In the wake of the world’s most famous AI writer, ChatGPT, arriving on the Bing search engine, Microsoft has now unveiled its plans to use the same technology to improve workplace productivity, with the introduction of Microsoft 365 Copilot.
Copilot is powered by the same sort of prompt-based AI that drives ChatGPT – meaning that, with a written instruction less than a sentence long, Microsoft 365 can write entire emails and reports for you.
The announcements were made in a virtual press meeting hosted on March 16 via LinkedIn, by Microsoft’s CEO Satya Nadella and its Corporate Vice President Jared Spataro, on the same day TechRadar Pro reported that the company was leaning heavily into GPT-4, the latest version of OpenAI’s language model.
GPT-4 in the workplace
After enthusing about technological advancements in computing that have made human lives easier, such as video conferencing and collaboration tools, Nadella noted that, for the first time ever, AI is now at the center of a product, rather than simply powering it behind the scenes. In light of this, he also called for its responsible use.
However, he also said that the nature of work was going to change, to make our lives even easier.
Spataro then took over to present a segment about the need for these changes, and to “rediscover the soul of work”. He then introduced the new tool, explaining that it works by combining large language models (LLMs), individual’s data, and Microsoft 365 apps people use every day.
He also claimed that because the productivity tool is built on the principles of security, compliance, privacy, and responsible AI, it’s safe and appropriate for enterprise use.
He conceded that sometimes Copilot wouldn’t get things right, but would still be “helpfully wrong” – giving users a head start on their task all the same. That’s some spin, but you can’t argue with him.
GPT-4 as a time-saver
Another section presented by Sumit Chauhan, Corporate Vice President for the company, showed how Copilot allow users to add their own touches to copy, or even ask Copilot to make it more concise.
In addition, OneDrive can also draw from OneDrive photo albums to choose photos to import automatically.
Copilot can also save users time and “unleash creativity at work”, serving up content drafts in the style of previous documents, and draw from existing OneNote documents intelligently so that isn’t working from nothing, a well as potentially requiring less input from users. Linguistic generations can be made more visual, and vice versa.
However, Chauhan warned that reviews by a human are still required before, say, sending the output to clients, but still noted the time-saving possibilities.
Additionally, Copilot can analyze Excel spreadsheets for trends, condense them into brief breakdowns, and pressed for more information. It can even generate graphs from information in an instant.
When it comes to email, Copilot can highlight important messages, summarize threads, and even generate replies that can be made more concise or put into a different style by Copilot itself.
Copilot will allow users to follow meetings without actually being in attendance, by directing Copilot to make notes in their absence. This includes details on who said what, and recognizing why decisions were made, et cetera. All of this can be done during a meeting as well.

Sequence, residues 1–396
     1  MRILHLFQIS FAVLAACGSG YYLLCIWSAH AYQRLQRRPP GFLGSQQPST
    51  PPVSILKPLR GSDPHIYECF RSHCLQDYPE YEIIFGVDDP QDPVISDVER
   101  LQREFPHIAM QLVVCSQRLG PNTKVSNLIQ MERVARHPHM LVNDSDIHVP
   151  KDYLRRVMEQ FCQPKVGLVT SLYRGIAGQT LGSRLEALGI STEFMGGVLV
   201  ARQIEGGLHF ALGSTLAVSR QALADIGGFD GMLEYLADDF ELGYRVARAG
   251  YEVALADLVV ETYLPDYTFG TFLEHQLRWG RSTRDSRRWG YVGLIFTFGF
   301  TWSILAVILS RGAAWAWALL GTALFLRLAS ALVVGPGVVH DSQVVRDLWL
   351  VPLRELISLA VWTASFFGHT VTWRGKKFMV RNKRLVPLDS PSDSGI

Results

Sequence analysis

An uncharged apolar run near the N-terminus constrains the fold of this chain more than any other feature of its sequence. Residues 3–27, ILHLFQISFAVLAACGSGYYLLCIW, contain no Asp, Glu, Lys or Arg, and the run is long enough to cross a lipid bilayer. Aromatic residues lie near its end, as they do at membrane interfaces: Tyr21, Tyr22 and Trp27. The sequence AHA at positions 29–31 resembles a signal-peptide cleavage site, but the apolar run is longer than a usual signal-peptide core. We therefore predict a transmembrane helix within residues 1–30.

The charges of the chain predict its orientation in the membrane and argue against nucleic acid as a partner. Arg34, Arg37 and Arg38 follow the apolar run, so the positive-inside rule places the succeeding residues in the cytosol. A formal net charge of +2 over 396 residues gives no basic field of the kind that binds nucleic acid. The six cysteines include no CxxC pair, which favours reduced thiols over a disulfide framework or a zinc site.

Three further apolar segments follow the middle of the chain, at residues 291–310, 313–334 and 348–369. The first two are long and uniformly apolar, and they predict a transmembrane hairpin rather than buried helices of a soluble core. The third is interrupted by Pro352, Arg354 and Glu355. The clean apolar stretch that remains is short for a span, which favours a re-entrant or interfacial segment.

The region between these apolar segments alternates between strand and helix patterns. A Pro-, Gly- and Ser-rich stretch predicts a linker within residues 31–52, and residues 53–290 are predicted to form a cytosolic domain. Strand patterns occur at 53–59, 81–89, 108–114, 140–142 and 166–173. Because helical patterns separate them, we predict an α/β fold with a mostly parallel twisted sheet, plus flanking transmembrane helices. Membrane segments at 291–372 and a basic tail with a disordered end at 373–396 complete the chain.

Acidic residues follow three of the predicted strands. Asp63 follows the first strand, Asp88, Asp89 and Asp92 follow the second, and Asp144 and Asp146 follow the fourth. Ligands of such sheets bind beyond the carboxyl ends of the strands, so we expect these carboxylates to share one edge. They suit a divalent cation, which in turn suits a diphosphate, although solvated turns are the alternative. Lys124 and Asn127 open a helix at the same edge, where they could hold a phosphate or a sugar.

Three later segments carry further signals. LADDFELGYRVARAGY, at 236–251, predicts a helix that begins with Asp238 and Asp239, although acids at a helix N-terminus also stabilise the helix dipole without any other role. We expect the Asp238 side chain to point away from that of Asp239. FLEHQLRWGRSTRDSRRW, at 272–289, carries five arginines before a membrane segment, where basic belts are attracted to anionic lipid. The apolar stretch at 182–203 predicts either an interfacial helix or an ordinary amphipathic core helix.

Copilot can also take data from, say, a sales material document, and provide it during a meeting with a client. It also works with Power Automate as well, to create automatic workflows that engage when something specific happens within a document or spreadsheet.
Akosua Boadi-Agyemang, Senior Marketing Manager for Microsoft, then discussed Business Chat – essentially a version of ChatGPT that works across meeting notes, Teams chats, and documents to provide a shared knowledge pool to give you the information you need in a matter of seconds, instead of hours.
Like the individual app integrations, Business Chat allows users to update generated content (such as SWOT analysis) manually to make them more accurate, or ask Business Chat to add new generations to the content, should Copilot miss anything.
The Copilot System
All of this is made possible by the Copilot System – a sophisticated processing engine that powers everything inside Microsoft 365 Copilot – and is “all accessible through natural language”.
A process called “grounding” will modify a prompt after being written and before being sent to the LLM – making the process of “prompt engineering” even easier.
Copilot is monitored in real-time by experts, as Microsoft noted their concerns about security and wanting to prevent jailbreaks, where the software is used in unintended and perhaps nefarious ways.
The tech giant was quick to point out that its LLMs and The Copilot System aren’t infallible, but that despite this, it has ways and means of protecting users and their data, and the Copilot software will continue to be refined.
Microsoft 365 Copilot’s implications
So far, OpenAI’s GPT language models have mostly been good at threatening users, generating pasta recipes, or – more seriously – aiding with transcription.
As several people in the event chat were proclaiming afterwards, it’s not so much that Microsoft 365 Copilot is a “game changer”, just that Microsoft has made a convincing argument that artificial intelligence is finally ready to take on meaningful use-cases at scale.
Details on the availability of Copilot were scarce, but it seems that, at launch at least, it will only be available for businesses.
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